Approximately 28,000 of the overtaxed properties have been foreclosed on since 2013.
The city of Detroit pushed tens of thousands of homeowners into debt and foreclosure after it overtaxed them by at least $600 million in the years following the Great Recession, an investigation by the Detroit News found.
Detroit homeowners knew they were overtaxed and the city acknowledged the issue as early as 2013, but the scale of the error was not clear until now. Of the 173,000 homes reviewed by the Detroit News and Reveal from The Center for Investigative Reporting, more than 92% were over-assessed between 2010 and 2016. Homeowners were overtaxed by an average total of $3,800.
Michigan law mandates that assessments reflect a home’s market value, and the city completed a state-ordered reappraisal of every residential property in 2017. But consequences of the city’s errors linger: More than 63,000 Detroit homes have delinquent debt as of fall 2019.
That debt, which accrues interest, might never have existed had the city taxed its homeowners accurately. The debt owed on roughly 40,000 of those properties is less than how much the homes were overtaxed by during those years.
Breck Stevenson is one of the homeowners who was overassessed; his property was overtaxed by at least $5,300, more than the $4,200 he now owes in back taxes.
“It’s (the city’s) responsibility,” Stevenson told the News. “It was their mistake. It’s their responsibility to take care of it and make things whole with the citizens.”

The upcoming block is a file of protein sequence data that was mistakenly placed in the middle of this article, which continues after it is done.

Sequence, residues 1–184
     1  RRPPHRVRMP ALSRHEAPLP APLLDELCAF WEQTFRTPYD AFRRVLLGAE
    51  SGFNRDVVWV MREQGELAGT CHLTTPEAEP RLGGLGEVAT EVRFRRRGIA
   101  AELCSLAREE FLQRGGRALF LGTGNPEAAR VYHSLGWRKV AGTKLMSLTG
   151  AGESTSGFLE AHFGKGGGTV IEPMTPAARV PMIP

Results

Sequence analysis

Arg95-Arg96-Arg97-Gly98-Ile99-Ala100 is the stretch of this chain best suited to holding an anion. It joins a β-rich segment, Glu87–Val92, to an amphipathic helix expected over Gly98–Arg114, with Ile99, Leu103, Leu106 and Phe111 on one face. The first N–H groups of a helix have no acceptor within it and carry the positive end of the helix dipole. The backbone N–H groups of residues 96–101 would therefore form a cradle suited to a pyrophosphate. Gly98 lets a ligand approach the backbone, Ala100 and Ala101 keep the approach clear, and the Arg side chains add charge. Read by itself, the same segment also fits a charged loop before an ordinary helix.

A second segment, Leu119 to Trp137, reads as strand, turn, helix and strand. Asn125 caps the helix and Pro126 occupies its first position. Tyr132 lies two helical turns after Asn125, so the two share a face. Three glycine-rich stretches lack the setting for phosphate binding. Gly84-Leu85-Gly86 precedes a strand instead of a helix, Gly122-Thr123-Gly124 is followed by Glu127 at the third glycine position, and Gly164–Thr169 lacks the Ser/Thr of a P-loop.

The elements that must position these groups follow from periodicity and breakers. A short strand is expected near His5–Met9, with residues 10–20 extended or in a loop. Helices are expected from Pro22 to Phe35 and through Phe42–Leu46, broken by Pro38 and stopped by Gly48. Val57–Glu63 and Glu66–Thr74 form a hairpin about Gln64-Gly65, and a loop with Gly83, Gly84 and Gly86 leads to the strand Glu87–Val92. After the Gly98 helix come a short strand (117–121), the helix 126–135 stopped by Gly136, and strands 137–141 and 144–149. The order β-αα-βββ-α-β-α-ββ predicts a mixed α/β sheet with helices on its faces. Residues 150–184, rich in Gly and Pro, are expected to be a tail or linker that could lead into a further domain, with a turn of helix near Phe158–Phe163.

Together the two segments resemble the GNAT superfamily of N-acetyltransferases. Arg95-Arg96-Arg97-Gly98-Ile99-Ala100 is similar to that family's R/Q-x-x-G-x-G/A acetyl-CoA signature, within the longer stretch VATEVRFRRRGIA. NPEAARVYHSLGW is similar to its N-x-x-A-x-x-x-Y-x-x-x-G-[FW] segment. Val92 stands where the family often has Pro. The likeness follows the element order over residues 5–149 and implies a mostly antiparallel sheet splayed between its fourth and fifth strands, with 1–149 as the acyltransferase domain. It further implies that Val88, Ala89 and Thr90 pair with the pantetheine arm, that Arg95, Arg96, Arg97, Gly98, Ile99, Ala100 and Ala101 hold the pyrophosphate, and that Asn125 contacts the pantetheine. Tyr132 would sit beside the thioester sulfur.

The state and city have tried to address the problem with a variety of programs.
In 2015, Michigan enacted a state law allowing Detroit to implement low-interest repayment plans to help homeowners. These plans have not worked as expected and have instead kept thousands of homeowners in an endless cycle of debt that has caused nearly 40 percent of those participating in the plans to lose their homes to foreclosure, or face the risk of foreclosure this year.
The city has also tried to address the problem with its Homeowners Property Tax Assistance Program (HPTAP), which it recently expanded to include more residents. Under the expansion, a family of two earning less than $25,703 is eligible for a 25% tax exemption, a family of two earning under $23,336 is eligible for a 50% exemption, and a family of two earning under $20,799 is eligible for a 100% tax exemption, meaning they will not have to pay any property taxes.
More than 63,000 Detroit homes have delinquent debt as of fall 2019.
But many homeowners are unaware they can even apply for such exemptions. Only about 7,600 Detroit homeowners were granted the exemption in 2019, even though nearly 40,000 are eligible every year, according to researchers at the University of Michigan.
The expansion of HPTAP could also allow more residents to access the newly proposed state-level Pay as You Stay (PAYS) Program, which would eliminate penalties, interest, and fees on back taxes. It would also cap the remainder of a homeowner’s debt at 10 percent of their home’s taxable value. Owners would have three years to pay off the remaining debt.
PAYS, championed by Detroit Mayor Mike Duggan and other officials, was introduced in the state house by Rep. Wendell Byrd (D-Detroit) in October. The House passed the measure in December and sent the bill to the Senate, where it’s currently under consideration in the Senate finance committee.
While these new efforts will certainly be welcomed by struggling homeowners, many others won’t be able to take advantage of these programs. Approximately 28,000 of the overtaxed properties have been foreclosed on since 2013, the News reported.
The long-term consequences of the Great Recession and Detroit’s ensuing overtaxation are also finally starting to crystallize. In 2000, 51 percent of black Michiganders owned their homes. By 2016, that number had dropped 11 points to only 40 percent, according to a 2018 report from the Urban Institute.
That was the largest decrease of any state in the country.